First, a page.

“A little,” Lonnie said. He shrugged and opened the refrigerator door to see what they would have for supper.
“Did you see what’s-his-name?”
“You mean Tony? Yeah, I saw him.”
“I have grounds for divorce now,” father said. “She ran off with her lover.”
“She said she’d call.”
“I don’t know what to think about a mother who abandons her only child.”
“It’s all right with me,” Lonnie said, “if it’s what she wants.”
“When she calls, tell her I’m going to see a lawyer to start divorce proceedings.”
“I think that’s what she wants, anyway.”
“I hope she rots in hell.”
In August for his fourteenth birthday, Lonnie received a large bird cage with a yellow parakeet inside, delivered by a white truck that pulled up out in front of the house with a screech of brakes. It was a most unusual and unexpected gift. Mother wrote on the card: Thought you could use a pet. Much love, as always.
He didn’t know how to take care of a parakeet so he walked downtown and bought a book on the subject and a couple of different kinds of birdseed that the woman in the store said any bird would like. If he won’t eat none of it, the woman said, bring it back and we’ll try something else.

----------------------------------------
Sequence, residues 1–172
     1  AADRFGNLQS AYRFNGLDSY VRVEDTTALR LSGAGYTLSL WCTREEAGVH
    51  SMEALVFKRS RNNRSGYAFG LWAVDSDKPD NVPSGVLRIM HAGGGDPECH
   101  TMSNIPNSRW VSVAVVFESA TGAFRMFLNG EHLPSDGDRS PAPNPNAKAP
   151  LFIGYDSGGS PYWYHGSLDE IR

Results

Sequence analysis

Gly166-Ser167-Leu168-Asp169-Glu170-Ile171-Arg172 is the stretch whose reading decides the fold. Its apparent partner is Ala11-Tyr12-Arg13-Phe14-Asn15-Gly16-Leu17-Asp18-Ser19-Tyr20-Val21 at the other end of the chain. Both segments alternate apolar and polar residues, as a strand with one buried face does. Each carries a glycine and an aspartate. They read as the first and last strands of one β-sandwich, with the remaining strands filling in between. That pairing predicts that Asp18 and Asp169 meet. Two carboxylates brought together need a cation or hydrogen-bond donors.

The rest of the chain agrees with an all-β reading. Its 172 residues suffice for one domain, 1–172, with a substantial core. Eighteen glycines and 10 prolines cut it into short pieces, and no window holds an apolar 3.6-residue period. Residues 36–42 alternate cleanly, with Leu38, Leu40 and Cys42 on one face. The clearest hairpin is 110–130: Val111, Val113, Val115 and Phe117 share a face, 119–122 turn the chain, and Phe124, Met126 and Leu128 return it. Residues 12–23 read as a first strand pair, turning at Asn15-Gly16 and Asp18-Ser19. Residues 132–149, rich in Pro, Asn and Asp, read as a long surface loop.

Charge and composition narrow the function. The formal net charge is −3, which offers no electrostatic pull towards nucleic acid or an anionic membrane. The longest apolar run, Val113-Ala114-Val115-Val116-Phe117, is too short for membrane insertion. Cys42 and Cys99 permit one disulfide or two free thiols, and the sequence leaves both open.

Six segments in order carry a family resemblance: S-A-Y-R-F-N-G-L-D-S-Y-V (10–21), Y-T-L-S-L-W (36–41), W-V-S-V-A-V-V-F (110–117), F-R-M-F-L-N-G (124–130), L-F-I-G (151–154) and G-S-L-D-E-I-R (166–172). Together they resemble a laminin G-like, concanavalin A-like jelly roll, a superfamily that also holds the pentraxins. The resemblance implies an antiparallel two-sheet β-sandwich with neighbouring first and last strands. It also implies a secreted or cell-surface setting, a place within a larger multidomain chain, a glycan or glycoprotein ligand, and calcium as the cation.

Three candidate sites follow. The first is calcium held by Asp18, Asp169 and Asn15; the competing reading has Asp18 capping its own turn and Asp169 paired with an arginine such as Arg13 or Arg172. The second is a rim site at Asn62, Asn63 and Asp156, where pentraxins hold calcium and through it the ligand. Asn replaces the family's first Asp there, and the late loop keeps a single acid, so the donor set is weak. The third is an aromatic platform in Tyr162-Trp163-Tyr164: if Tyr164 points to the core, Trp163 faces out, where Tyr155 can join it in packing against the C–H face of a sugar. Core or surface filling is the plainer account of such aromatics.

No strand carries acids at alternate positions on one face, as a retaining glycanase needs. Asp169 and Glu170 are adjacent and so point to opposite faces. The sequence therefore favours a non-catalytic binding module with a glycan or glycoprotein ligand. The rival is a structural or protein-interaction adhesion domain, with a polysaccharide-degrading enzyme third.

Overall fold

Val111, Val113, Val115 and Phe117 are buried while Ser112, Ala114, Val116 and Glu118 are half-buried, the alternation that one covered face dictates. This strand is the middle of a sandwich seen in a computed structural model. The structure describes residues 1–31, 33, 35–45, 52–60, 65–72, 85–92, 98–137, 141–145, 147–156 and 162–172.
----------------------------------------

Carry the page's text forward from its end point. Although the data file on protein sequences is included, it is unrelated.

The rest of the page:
In the attic was an old birdcage stand with a hook. Lonnie had seen it before but never knew what it was for. He was surprised somebody hadn’t thrown it out long ago, but he was glad now they didn’t. Everything eventually has its purpose if you wait long enough.
He named the bird Toppy. It didn’t mean anything; it just seemed like a good name for a bird. Toppy hopped around inside his cage, sang little musical trills, drank water, ate birdseed and pooped aplenty. He seemed happy enough.
Lonnie hoped every day that mother would come home, but he knew it was an unrealistic hope. In the real world, mothers didn’t return home after running off with another man. It didn’t even happen in the movies.
Everybody thought father would get married again after the divorce, but he liked being single, he said. When marriage-minded ladies called to invite him over for a home-cooked Sunday dinner, he told Lonnie to tell them he was in Moscow or in the hospital for a lung operation.
He got an old woman, a Mrs. Farinelli, to come in two or three days a week and clean the bathroom and the kitchen, wash the clothes, shop, and usually cook a little food. She had a son on death row in prison and another son who was a priest. He paid her money in cash so she wouldn’t have to pay income tax on it. She was neat and quiet and never complained.
Mother called Lonnie a couple of different times when she knew father was still at work. When Lonnie asked where she was, she said they were still moving around, still unsettled. She sounded distant, preoccupied, not the mother he remembered. He believed at last that she didn’t care for him and was trying to phase him out of her life because she had a whole new life now.